Developing Your Digital Marketing Strategy
 

Residential Lighting: Why is digital marketing so important?

John Arnold: Around one-third of all consumer media time is spent on the Internet, according to most of the studies I’ve seen. A telling study came from Google — 56 percent of Internet-using newspaper readers research products they see in the newspaper on the Internet. And according to Nielson, only 6 percent of U.S. consumers have never made a purchase online. So, if you’re not online, you’re missing the other 94 percent.

RL: Where do we begin?

JA: First, you need a Web presence, and not just a Web site that functions as an online brochure. A good Web presence includes visibility on search engines, informative and promotional content, links to other Web sites and a social media presence. It ensures that people can find you.

Second, you need a contact management tool so you can send e-mails, text messages or other preferred direct marketing messages. You need to stay top-of-mind after someone visits your lighting showroom or Web site by sending follow-up communications. You can hope they see your next newspaper or television ad, but that’s a lot more expensive than sending e-mails or text messages.

RL: How do we balance these programs and make them work?

JA: You need to align your marketing media with your customer’s buying-decision cycle. Getting interested people to take action and make repeat purchases is where digital marketing is most effective, because it’s a low-cost way to display and deliver multiple targeted messages to a specific audience. It’s harder to use digital media for awareness and basic interest, however, because strangers aren’t likely to visit your Web site until they have first seen an advertisement, and consumers don’t like receiving e-mails from businesses if they haven’t subscribed to receive them or they aren’t already interested in the business. In short, traditional media has its place for acquiring new customers, and digital media — while it also has the ability to acquire new customers through search-engine marketing — can cost-effectively take over once a prospect is interested.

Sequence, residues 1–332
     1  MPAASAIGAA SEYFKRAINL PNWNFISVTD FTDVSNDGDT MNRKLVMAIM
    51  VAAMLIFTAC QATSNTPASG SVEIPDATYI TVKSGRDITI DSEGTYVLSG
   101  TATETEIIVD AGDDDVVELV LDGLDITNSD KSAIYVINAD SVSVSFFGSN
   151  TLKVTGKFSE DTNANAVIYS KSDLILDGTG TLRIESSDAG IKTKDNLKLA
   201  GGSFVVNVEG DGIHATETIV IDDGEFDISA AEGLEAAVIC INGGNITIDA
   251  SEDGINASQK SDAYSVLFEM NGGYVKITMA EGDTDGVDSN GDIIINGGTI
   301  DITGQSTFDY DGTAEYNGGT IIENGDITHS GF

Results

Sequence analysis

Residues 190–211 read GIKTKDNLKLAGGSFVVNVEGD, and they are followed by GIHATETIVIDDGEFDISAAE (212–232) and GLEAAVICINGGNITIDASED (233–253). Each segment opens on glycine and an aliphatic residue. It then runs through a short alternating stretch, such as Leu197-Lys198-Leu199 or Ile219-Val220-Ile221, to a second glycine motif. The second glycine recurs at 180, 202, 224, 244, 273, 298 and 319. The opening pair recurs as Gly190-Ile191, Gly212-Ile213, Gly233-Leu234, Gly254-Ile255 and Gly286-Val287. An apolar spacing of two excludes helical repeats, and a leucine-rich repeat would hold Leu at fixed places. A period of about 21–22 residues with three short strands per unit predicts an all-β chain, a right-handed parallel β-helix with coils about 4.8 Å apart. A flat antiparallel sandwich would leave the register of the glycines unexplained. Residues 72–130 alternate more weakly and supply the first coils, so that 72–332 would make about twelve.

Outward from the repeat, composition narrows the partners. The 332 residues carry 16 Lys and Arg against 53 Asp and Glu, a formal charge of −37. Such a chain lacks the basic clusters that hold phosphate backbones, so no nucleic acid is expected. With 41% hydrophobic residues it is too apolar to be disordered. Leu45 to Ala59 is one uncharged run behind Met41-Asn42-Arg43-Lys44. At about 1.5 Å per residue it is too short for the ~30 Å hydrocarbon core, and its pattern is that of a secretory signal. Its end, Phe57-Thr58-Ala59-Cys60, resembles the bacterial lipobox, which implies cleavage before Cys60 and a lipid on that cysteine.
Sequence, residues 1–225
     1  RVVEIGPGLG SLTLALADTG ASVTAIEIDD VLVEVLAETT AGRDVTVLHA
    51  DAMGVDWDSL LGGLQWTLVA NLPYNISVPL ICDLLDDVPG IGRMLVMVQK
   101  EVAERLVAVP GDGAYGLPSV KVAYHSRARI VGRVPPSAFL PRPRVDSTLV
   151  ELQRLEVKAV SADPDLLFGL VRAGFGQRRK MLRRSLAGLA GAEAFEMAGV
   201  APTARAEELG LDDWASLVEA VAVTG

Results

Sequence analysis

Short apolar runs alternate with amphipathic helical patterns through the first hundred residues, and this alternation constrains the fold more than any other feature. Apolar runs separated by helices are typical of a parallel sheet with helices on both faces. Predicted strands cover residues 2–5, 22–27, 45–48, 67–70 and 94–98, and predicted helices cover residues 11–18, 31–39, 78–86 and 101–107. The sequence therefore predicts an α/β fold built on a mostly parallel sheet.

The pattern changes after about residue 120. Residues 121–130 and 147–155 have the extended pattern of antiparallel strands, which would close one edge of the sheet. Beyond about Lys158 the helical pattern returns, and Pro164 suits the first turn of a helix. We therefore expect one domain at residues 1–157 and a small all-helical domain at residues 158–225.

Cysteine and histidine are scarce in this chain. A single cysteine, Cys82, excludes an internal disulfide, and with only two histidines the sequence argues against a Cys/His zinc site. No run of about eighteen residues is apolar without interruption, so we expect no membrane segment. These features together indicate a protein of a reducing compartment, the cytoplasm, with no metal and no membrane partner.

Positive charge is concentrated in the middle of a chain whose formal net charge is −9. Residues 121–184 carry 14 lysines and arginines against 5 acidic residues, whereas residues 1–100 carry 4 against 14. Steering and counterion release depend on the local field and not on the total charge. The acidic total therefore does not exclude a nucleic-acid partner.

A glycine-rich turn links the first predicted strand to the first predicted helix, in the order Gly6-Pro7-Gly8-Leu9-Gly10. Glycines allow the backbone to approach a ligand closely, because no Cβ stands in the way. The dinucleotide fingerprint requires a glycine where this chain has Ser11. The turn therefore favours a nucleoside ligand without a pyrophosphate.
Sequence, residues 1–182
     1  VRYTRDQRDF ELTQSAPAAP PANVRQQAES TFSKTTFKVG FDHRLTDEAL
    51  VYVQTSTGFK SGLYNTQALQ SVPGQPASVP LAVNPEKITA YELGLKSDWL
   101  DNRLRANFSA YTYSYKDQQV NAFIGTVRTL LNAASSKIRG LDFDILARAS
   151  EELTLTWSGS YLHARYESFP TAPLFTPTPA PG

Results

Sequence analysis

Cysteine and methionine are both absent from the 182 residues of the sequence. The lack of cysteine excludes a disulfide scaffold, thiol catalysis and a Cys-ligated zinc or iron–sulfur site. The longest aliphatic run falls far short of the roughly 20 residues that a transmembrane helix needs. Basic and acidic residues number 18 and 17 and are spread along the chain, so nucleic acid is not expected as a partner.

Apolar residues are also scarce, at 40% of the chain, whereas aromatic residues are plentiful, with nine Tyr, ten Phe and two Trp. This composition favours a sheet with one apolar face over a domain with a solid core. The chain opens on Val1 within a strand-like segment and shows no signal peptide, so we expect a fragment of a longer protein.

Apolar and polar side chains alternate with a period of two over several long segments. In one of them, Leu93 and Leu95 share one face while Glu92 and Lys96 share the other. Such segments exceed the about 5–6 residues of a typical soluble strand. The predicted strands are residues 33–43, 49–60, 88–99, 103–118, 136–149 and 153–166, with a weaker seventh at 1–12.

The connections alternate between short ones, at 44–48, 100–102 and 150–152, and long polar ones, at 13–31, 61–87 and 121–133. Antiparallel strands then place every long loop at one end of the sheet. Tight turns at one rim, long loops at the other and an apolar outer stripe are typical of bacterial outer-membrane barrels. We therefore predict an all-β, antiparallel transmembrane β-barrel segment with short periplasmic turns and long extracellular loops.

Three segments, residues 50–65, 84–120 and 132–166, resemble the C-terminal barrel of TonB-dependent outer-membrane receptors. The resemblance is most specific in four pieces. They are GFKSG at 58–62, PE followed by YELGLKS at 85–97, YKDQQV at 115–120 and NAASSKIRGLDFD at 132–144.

RL: That sounds pretty complicated for a busy retailer.

JA: For most lighting showrooms, it pays to hire an expert to draw up a strategic plan. Many small business owners spend money on Web design and search engine advertising without an overall strategy. That leads to great-looking Web sites and visitors who don’t buy anything. So, start by making sure your Web site copy is strong in three areas: educating visitors, collecting contact information and asking for the sale. You have to get away from focusing only on content that shows what products you offer, where you’re located and how much they’ll save if they “buy it now.”

The next step is to place some of your educational content on blogs, on social media sites, in press releases, in articles on other Web sites, in YouTube videos and anywhere people might be looking for lighting products and services. You also need a plan to collect contact information so you can send multiple targeted communications. Whether your showroom is big or small, I recommend ConstantContact.com for that. Again, if you need some help, outsource some or all of your communication strategy to an expert.

RL: How much do experts charge?

JA: Expect to pay $75 per hour for somebody to do Web marketing plans; $150 to $200 per hour for someone who has written books and is more high-profile.

RL: How much do Web sites cost?

JA: The main cost is not the technology or the platform, but the man-hours and the expertise behind it. You can have a fully blown e-commerce Web site through Network Solutions for $100 a month, if you do it yourself. The expense comes with managing the site. Many put up an e-commerce Web site and soon realize they need a customer service department. Somebody tries to buy something and the Web form rejects them because they’re on Safari 3 instead of Safari 4, and they call your showroom to find out what to do.